Call of Duty: Black Ops is your typical big-budget sequel, and that’s generally a good thing. Boasting superb graphics, frenzied firefights, and myriad online modes, Treyarch’s latest installment in the long-running franchise is a sturdy piece of mainstream gaming mayhem, and one that—gasp!—features a campaign narrative that’s actually engaging. Given the currently dire state of first-person-shooter storytelling, the fact that Black Ops’s cutscenes are worth sitting through is reason enough to elevate it above most of the year’s FPS crop, including last month’s direct competitor from EA, Medal of Honor. Yet even if its scripting was a complete snooze, Treyarch’s heavily hyped release, taking a break from the franchise’s contemporary Modern Warfare and setting the action in the Cold War ’60s, would still be a top-flight work of trigger-finger carnage, offering during its single-player campaign a thrilling stream of massive few-against-many clashes, and delivering through its online components an amazing plethora of multiplayer options, be they traditional or—taking a cue from Call of Duty: World at War—zombified.
That supernatural gameplay mode, in which you battle (alone, or with friends) waves of Nazi zombies, is the most humorous aspect of Black Ops, which otherwise delivers stylishly gritty tactical warfare. The main quest is framed as a succession of flashbacks, as covert operative Alex Mason is interrogated by mysterious men about an even more mysterious sequence of numbers they claim holds the key to preventing world war. Thus, one is thrust into Mason’s shoes as he relives his efforts in Cuba, Russia, and Vietnam endeavoring to put a bullet in the head of a Soviet super-villain, a story (voiced by Sam Worthington, Gary Oldman, Ed Harris, and Ice Cube, among others) that mainly succeeds because of its clear structure. Unlike so many Call of Duty titles, your character’s globe-hopping is lucidly laid out as a natural feature of his saga. It’s too bad that the geopolitical issues at hand share no relationship to the game’s mechanics themselves; for all its blather, Black Ops’s tale is really just an excuse to have you “kill them all,” as Mason succinctly sums up his motives. As far as window dressing goes, though, Mason’s around-the-world mission is a reasonably well told one, providing just enough context to make one feel that they’re partaking in a larger adventure, rather than merely an episodic series of standalone skirmishes.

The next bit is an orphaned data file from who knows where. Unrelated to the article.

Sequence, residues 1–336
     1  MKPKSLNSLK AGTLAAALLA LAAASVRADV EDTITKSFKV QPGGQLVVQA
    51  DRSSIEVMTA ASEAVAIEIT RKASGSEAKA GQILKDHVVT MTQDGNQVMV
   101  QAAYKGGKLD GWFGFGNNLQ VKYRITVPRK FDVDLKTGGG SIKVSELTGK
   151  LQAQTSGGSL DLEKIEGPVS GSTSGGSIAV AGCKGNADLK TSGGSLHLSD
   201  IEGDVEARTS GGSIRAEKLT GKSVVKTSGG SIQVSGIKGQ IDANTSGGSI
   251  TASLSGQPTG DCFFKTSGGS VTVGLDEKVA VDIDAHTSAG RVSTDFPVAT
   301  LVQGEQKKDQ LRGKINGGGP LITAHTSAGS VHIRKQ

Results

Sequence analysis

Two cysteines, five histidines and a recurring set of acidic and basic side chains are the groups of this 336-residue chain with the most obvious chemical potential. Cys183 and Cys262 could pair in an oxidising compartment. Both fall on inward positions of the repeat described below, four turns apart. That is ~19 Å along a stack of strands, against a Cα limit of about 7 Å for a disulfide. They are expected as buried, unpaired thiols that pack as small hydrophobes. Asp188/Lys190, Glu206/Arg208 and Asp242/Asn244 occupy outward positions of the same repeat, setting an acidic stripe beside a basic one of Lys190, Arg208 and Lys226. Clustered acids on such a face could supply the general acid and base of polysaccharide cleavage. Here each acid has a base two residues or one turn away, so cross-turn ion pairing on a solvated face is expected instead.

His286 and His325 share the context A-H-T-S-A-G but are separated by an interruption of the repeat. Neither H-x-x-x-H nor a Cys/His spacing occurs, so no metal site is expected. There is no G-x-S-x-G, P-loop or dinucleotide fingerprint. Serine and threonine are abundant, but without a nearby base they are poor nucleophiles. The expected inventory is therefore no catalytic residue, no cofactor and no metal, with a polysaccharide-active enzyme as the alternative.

The sheer amount of fighting going on, coupled with each level’s (usually well-integrated) mini-cutscenes, creates a moderate sense of being detached from the proceedings, as if one’s own actions aren’t completely affecting the ongoing battles’ outcome.
In terms of gameplay, Black Ops is as generic and straightforward as they come, yet throughout there’s a sense of real weight—to one’s footsteps, to the feel of the guns as they recoil in your hands, to the rattle and boom of nearby explosions—that makes the game feel solid and muscular in the best way possible. And while the main campaign is relatively short (approximately six-to-eight hours), it’s marked by fantastic set pieces, most of which involving navigating diverse indoor and outdoor landscapes awash in enemies and gunfire to a degree that’s borderline bewildering. If Treyarch’s game has a serious shortcoming, it’s that the sheer amount of fighting going on, coupled with each level’s (usually well-integrated) mini-cutscenes, creates a moderate sense of being detached from the proceedings, as if one’s own actions aren’t completely affecting the ongoing battles’ outcome. It’s an infrequent impression, but one furthered by a few faux-interactive moments; for example, you’re told at one point to move your thumbstick to start a plane, but even if you don’t, the plane moves. Still, there’s simply so much hectic, breakneck madness surrounding your every move that immersion is ably achieved.
Of course, many Black Ops players will treat the primary mission as a secondary concern; the real meat will be multiplayer, and Treyarch doesn’t disappoint. The usual avalanche of game modes is present, and most of the levels are expansive enough, and boast enough winding routes and hiding spots, to satisfy even the most professional multiplayer pro (the Hanoi setting is a personal favorite). Even better is a point system that allows you to level up and, consequently, add new abilities and weapons, which adds an extra layer of depth to an already fully stocked online arena. Enhancing one’s avatar unlocks an amazing variety of elements, and it’s in this respect that Black Ops demonstrates its real, lasting value. However, for pure entertainment, the game’s white-knucklehead death matches, contract missions, and team-based clashes are equaled by the Zombie Mode, which has one combat the undead’s assault while taking charge of either JFK, Robert McNamara, Fidel Castro, or Richard Nixon, a twist that’s as ludicrous as it is amusing, and one that provides a suitably cartoonish counterpoint to Black Ops’s otherwise dead-serious period-piece action.